Aortic regurgitation is the diastolic flow of blood from the aorta into the LV. Aortic regurgitation is more common in men than in women. In the cohort from the Framingham study, aortic regurgitation was found in 13% of men and 8.5% of women. The greater prevalence of aortic regurgitation in men may reflect, in part, the preponderance of underlying conditions, such as Marfan syndrome or bicuspid aortic valve, in males.
The typical presentation of severe acute aortic regurgitation includes sudden, severe shortness of breath; rapidly developing heart failure; and chest pain if myocardial perfusion pressure is decreased or an aortic dissection is present. Patients with chronic aortic regurgitation often have a long asymptomatic period that may last for several years.
Cases of acute aortic regurgitation may be fulminant and lead to cardiogenic shock; patients who have congestive heart failure or shock associated with severe aortic regurgitation often appear gravely ill. Other symptoms of acute aortic regurgitation include the following:
Arterial pulsus alternans; normal LV impulse
Laboratory testing in patients with aortic regurgitation should be guided by the clinical scenario. For example, in patients with aortic regurgitation due to suspected infective endocarditis, peripheral blood counts and cultures may help to clarify the diagnosis and to identify the causative organism. Specific serologic tests may assist in the diagnosis of rheumatologic causes. Laboratory assessment of renal and hepatic function may play an important role in determining a patient's eligibility for certain vasodilator or other drug therapy.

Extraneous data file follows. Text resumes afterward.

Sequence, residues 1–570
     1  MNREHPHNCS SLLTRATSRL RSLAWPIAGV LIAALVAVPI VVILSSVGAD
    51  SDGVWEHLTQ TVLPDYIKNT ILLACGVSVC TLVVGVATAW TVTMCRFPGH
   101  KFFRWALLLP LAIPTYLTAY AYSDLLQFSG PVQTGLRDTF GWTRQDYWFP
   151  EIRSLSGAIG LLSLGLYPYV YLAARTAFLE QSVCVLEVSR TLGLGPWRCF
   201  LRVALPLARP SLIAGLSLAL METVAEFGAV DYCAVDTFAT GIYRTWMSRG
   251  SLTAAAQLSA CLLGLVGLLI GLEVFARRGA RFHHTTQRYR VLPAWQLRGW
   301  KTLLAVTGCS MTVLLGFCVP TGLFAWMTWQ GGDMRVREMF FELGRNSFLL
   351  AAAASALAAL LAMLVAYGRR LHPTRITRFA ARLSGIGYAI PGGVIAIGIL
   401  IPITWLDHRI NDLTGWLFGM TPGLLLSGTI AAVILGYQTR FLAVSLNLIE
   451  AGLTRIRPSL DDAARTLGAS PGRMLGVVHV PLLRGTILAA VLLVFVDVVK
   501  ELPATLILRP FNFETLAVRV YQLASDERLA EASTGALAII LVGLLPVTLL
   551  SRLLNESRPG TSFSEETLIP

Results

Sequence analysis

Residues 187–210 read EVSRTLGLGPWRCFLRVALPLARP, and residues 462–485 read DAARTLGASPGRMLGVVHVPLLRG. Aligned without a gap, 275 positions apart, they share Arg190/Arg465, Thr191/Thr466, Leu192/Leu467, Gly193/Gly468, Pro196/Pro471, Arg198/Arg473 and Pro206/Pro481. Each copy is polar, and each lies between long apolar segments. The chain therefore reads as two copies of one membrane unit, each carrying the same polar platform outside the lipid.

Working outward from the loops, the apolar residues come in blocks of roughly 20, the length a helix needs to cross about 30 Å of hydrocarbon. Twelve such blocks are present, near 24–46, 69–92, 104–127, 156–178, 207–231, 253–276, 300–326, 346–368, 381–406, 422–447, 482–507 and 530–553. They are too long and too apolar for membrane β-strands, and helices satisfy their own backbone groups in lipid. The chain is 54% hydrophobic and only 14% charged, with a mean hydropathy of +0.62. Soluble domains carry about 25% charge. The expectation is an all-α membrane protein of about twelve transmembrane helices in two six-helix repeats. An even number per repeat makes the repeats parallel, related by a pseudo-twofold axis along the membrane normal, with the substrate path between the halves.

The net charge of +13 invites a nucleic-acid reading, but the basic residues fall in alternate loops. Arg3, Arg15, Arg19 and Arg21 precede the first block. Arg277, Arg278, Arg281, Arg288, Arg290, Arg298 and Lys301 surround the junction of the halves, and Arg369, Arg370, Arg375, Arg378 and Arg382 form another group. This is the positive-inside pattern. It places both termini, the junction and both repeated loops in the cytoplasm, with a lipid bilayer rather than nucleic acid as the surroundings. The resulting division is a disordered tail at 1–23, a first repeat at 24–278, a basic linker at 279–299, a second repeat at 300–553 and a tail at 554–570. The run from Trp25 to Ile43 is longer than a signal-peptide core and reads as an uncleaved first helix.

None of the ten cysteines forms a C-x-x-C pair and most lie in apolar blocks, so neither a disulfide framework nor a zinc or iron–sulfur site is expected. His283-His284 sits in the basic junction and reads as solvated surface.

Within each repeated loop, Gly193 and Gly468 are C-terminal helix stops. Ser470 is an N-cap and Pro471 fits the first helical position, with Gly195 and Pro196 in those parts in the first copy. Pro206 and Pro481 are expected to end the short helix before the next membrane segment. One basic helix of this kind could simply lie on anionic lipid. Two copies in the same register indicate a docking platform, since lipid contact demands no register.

TTE should be performed in all patients with suspected aortic regurgitation, and periodically in patients with confirmed aortic regurgitation of significant severity. Cardiac CT and MRI are not widely used in the management of aortic regurgitation, although support in the literature is increasing for the potential clinical use of these imaging techniques.
In severe acute aortic regurgitation, surgical intervention is usually indicated, but the patient may be supported medically with dobutamine to augment cardiac output and shorten diastole and with sodium nitroprusside to reduce afterload in hypertensive patients.
The current ACC/AHA guidelines provide the following recommendations for vasodilator therapy:
Vasodilator therapy is indicated for long-term treatment in patients who have severe chronic aortic regurgitation and symptoms of LV dysfunction but are not candidates for surgery.
Vasodilator therapy is reasonable for short-term therapy in patients with severe LV dysfunction and heart failure symptoms, in order to improve their hemodynamic profile before surgery.
Vasodilator therapy is acceptable for long-term therapy in asymptomatic patients with severe aortic regurgitation and LV dilation with normal ejection fraction.
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Cite this: Yasmine S. Ali. Fast Five Quiz: Heart Valve Disease - Medscape - Apr 22, 2020.